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Interview with Handelsblatt

Interview with Benoît Cœuré, Member of the Executive Board of the ECB, conducted by Jan Mallien and Frank Wiebe on 15 November and published on 21 November 2017

Mr Cœuré, the European Central Bank (ECB) took on a very important role in stabilising the euro area during the crisis. How can Europe avoid overburdening the ECB with problems which should be solved by politicians?

To avoid overburdening the ECB, the euro area needs a strong economic pillar and a strong fiscal pillar. And let me add a personal remark: the world today is in disarray. It needs Europe to provide economic stability and political direction. Europe, therefore, has to be strong and have a clear sense of where it wants to go.

In order to become stronger, Europe is discussing the banking union, a euro area budget and a sort of European Monetary Fund. What is your take on these issues?

We are glad that the discussion on the future of Europe and the euro has restarted. As a central bank, we shouldn’t interfere in the details of a political debate. But we have a stake in it. The crisis forced us to design instruments that made it possible to address a very difficult situation. We have done this within our mandate, as the European Court of Justice has confirmed. But we don’t know what the next crisis will look like. And we don’t want it to test the limits of our mandate.

What is the most important issue, if you want to prevent that?

Completing the banking union is a priority. This includes a common deposit insurance scheme and further progress to reduce risks in the banking system. It also means that all banks should operate and be supervised in the same way. It’s a whole set of measures. Some may require legal changes, as the ECB’s banking supervision and the European Commission have suggested. This will take time.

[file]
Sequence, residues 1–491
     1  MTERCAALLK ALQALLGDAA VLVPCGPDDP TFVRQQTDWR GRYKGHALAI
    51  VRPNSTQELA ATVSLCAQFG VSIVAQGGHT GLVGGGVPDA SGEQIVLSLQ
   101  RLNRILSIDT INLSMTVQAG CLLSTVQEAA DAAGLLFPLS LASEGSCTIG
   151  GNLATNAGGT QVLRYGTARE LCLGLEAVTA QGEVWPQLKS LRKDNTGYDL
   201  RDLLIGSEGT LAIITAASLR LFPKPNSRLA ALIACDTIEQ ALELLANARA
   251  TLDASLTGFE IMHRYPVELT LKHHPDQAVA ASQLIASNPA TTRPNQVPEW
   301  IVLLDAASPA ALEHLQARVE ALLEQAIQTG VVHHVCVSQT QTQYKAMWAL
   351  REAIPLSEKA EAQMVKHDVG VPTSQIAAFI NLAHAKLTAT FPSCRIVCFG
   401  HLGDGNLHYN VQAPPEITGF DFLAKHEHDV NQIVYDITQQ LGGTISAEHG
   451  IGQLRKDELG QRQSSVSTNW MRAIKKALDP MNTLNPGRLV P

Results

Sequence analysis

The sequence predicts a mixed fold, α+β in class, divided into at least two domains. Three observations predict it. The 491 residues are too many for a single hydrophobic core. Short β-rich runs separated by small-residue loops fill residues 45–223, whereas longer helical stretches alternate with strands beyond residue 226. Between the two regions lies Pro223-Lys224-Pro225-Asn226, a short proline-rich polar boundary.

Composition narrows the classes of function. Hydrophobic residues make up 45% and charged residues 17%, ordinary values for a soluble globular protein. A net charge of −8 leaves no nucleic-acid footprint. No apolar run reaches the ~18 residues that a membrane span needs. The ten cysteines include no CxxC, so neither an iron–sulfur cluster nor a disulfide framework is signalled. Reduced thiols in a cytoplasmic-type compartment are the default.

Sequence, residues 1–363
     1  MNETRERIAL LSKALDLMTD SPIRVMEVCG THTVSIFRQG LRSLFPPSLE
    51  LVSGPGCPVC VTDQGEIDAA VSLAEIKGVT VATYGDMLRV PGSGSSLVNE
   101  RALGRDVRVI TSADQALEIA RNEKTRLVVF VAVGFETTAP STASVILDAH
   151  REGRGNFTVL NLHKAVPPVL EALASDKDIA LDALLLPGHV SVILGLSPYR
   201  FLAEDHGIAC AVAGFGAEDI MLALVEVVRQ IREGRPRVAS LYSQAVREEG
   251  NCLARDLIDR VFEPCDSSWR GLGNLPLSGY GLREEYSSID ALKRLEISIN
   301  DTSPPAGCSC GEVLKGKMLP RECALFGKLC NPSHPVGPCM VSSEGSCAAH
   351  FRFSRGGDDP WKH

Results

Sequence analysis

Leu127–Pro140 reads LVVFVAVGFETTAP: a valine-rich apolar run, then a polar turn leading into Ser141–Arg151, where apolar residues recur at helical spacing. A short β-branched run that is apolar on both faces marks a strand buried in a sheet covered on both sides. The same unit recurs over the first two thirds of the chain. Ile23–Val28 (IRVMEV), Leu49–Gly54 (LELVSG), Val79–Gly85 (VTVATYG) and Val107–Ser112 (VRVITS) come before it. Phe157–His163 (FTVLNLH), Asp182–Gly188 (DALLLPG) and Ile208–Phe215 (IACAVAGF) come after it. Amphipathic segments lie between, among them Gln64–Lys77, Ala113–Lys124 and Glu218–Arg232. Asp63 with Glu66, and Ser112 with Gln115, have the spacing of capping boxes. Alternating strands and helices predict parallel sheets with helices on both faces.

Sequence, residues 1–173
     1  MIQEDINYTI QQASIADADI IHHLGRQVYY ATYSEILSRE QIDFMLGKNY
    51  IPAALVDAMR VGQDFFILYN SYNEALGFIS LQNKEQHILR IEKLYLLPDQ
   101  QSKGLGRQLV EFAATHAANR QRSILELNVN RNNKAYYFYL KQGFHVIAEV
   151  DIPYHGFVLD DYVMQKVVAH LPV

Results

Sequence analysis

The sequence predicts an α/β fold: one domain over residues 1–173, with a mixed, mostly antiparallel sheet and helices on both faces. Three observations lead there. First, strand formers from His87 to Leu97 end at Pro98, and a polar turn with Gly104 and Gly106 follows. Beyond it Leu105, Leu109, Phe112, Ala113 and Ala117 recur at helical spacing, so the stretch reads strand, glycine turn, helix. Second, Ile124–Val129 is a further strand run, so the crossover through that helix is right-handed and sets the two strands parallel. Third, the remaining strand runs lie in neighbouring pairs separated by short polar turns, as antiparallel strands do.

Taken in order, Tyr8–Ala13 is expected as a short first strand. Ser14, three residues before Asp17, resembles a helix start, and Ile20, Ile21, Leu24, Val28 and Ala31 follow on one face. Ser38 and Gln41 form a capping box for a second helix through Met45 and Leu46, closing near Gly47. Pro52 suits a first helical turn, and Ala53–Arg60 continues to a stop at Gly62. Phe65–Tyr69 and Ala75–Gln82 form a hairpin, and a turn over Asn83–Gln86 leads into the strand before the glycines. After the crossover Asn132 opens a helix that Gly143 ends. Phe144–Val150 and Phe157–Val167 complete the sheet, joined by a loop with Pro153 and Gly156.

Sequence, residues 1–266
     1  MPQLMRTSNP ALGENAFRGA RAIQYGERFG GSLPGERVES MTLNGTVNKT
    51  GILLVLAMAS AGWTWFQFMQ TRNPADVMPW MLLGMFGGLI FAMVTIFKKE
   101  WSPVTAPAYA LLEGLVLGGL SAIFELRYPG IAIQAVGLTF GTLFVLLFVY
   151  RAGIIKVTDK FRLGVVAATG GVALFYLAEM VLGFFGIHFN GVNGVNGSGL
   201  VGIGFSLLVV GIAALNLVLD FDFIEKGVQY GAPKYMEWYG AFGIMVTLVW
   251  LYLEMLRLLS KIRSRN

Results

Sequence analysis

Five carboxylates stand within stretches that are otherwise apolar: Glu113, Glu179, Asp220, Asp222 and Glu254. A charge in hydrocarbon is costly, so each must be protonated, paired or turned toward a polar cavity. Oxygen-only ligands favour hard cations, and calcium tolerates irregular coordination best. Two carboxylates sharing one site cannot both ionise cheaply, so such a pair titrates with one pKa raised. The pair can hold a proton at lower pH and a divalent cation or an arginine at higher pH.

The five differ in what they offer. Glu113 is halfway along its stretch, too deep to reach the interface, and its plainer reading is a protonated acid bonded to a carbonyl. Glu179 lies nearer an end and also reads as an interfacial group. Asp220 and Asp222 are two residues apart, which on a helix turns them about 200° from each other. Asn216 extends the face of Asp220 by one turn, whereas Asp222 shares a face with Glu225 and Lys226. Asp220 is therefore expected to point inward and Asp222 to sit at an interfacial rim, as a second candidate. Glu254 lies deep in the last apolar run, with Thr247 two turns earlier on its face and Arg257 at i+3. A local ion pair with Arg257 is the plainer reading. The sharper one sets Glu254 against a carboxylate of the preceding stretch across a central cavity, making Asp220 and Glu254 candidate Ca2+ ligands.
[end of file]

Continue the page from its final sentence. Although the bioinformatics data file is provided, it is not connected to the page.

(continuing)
There have been arguments about non-performing loans (NPLs) in Italy. Italian politicians have criticised the ECB’s plan to clean up banks’ balance sheets. What is your response?

I am not a lawyer, but I understand the recent guidance provided by the ECB’s banking supervision to be a clarification of how it will assess banks’ actions with regard to future NPLs. It has provided similar clarity in other areas in the past. Had it not done so, it would now be accused of not being transparent. But I must insist that NPLs are not just an issue for regulators and supervisors. Reducing the stock of NPLs will make the system safer and the recovery more robust. Making substantial progress on this issue will benefit the whole euro area economy. One of the reasons why growth in Europe is lagging behind that of the United States is that we started to tackle problems in the financial system later. The current discussion should not be an excuse to postpone taking action that is important for the European recovery and the completion of banking union.

Let’s talk about the other pillars that Europe needs. What changes would you like to see on the fiscal side?

The priority here is for euro area countries to put their houses in order and comply with the fiscal rules, so they can regain fiscal space. Only then can a common fiscal capacity be put in place.

Is there a need for a larger common budget?

I see two different discussions here, which are sometimes muddled up. The first is about how to fund tasks like defence or addressing migration, which may be better managed at EU level. This requires common action, either using existing instruments (such as the European Investment Bank and the European budget) or new ones. The second discussion is about helping the euro area cope with large economic shocks without overburdening the ECB, as I just mentioned. This can be done by strengthening the European Stability Mechanism (ESM) and creating a euro area budget, while making sure that it does not undermine sound fiscal management at national level.

The second point sounds like setting up a sort of European Monetary Fund, a European version of the International Monetary Fund.

I would prefer to call it a European Stability Fund. Let’s not suggest that it can be funded by central bank money creation, because it can’t. It has to be a fiscal instrument.

How could this mechanism work?

The ESM has been a success and there are ways to make it stronger and more agile. For example, one idea which has been put forward is that the ESM could offer precautionary credit lines for countries that have good policies and stick to the fiscal rules. This would be an insurance against external shocks. Another desirable reform, in my view, would be to strengthen the European Parliament’s scrutiny of euro area crisis management.

France and Germany seem to have different visions regarding this framework. Is there a chance of them reaching an agreement?